Load balancing

Giganews Newsgroups
Subject: Load balancing
Posted by:  Stefanie Erteld (Stefanie.Erte…@aol.com)
Date: Sun, 05 Jul 2009

Hi,

I am a Java programmer who is interested in some more Details about
Server's like Apache and / or Tomcat, in a high traffic environment.

1) How exactly does load balancing work?
I thought about it myself, and came to the conclusion,
that however it might be configured, at the first point
there can only be one single server, as when they do the
DNS they must connect an IP to the url.
I've heard that there is something like dynamic DNS, though -
1.1) How exactly does dynamic DNS work?
I've heard that somehow the entries in the DNS table will get rewritten
every milli or whatsoever second.
Even if there is something like dynamic DNS, than ok, then in this case
it's the DNS Server, which can only be one single server, so this one
server could be very easily brought down by a denial of service attack,
right? I mean a single pc that would be as fast as the first server that
  is contacted in a tree of maybe thousands of pcs in a load balanced
environment, such a pc would be enough to bring the entire system down,
right?

2) What about Session and load balancing?
I've heard there are differen strategies:
a) The Loadbalancer will always send the same session to the same server
=> easy but not as powerfull
b) The session is stored on a database
=> easy, but then the database will be the bottle neck
c) The session is somehow transferred from server to server
No idea how that could work, and there must be quite some overhead for
the transfer of the session data, hm?

3) Are there different strategies in load balancing?
a)I guess one strategy could be that the load balancer forwards the
request to another server, and this server then send the answer back to
the load balancer
+ might be more secure
- Load balancer would be the bottle neck of the entire server tree structure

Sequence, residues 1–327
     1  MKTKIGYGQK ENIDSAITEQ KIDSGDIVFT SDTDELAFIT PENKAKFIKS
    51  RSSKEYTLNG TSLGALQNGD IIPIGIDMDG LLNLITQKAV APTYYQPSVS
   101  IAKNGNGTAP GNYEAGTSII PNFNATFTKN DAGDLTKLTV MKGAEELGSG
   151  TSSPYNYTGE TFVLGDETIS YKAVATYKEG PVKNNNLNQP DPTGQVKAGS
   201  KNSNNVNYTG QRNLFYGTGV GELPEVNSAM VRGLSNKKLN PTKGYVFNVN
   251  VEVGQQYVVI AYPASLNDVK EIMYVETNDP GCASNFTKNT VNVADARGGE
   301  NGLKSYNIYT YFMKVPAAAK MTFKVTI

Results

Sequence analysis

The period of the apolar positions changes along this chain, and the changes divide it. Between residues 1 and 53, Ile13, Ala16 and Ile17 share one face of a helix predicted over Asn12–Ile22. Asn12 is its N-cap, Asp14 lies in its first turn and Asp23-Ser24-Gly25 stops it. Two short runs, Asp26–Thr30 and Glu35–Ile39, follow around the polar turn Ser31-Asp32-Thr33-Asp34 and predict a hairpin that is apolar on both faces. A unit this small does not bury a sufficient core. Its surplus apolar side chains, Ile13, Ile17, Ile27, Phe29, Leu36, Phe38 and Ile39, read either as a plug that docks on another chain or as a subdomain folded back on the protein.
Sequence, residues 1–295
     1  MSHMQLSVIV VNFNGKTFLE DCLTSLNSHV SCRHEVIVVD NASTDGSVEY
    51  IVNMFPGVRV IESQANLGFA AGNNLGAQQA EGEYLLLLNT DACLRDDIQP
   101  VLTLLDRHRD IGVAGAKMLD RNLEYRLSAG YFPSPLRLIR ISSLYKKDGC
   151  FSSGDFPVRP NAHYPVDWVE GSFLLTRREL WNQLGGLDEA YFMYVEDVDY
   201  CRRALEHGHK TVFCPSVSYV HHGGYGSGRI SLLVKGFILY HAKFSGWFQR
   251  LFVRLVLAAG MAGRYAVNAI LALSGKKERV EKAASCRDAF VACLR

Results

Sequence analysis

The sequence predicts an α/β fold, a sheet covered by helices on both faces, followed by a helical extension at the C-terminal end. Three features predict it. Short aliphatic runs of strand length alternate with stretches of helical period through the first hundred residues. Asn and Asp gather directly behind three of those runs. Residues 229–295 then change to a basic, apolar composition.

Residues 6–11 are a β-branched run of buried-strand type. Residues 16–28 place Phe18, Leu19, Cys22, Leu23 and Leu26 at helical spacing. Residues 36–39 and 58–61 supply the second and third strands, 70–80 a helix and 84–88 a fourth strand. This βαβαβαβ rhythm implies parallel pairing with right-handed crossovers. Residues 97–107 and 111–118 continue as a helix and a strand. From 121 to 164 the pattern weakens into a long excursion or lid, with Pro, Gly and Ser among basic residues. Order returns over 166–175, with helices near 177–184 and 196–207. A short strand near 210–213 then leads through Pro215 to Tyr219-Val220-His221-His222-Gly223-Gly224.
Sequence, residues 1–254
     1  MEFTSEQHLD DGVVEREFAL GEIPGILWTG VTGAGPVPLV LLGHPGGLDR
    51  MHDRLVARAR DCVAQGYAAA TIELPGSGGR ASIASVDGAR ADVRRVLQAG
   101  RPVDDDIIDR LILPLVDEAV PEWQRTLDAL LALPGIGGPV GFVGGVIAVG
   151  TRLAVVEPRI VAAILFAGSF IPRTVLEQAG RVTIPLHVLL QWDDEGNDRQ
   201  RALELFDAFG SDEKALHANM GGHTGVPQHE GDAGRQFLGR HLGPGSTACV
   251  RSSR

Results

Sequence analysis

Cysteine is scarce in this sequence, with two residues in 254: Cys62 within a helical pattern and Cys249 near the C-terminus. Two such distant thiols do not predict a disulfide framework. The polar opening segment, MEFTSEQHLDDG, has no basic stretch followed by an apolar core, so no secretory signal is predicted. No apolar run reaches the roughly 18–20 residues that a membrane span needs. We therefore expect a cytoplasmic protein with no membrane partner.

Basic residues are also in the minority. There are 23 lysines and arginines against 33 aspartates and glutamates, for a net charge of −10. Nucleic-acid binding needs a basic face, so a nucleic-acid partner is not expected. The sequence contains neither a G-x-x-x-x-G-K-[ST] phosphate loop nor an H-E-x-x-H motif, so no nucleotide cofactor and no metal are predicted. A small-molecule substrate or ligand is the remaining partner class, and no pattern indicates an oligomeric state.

b) Another strategy could be that the first request will be send to the
load balancer, which then send back an answer to the client to instead
directly request another server.
+ More performance
- System is way more open to attacks

Also, I was thinking, there must be a router anyway, which basically is
a server anway, so maybe if they could do the load balancing right in
this router, that could be more efficent - or would it be affordable
that each pc in line would have it's own seperate connection (and
firewall and so on) to the internet?

4) I've heard once it was more efficient to use an Apache server for
static content and a Tomcat server behind it for the dynamic content.
But would't this forwarding cost a lot of overhead? I am just reading a
book about Tomcat and it says Tomcat might be just as efficent as
standalone, or maybe even more - but it only said it "MIGHT". What do
you think - does it make sense / is it faster to have to have an apache
AND a Tomcat or would you just recommend Tomcat on it's own (using the
same amount of hardware!!!)

Would be nice if you could bring me some light into my confusion! ;-)

Thanks,

Stefanie

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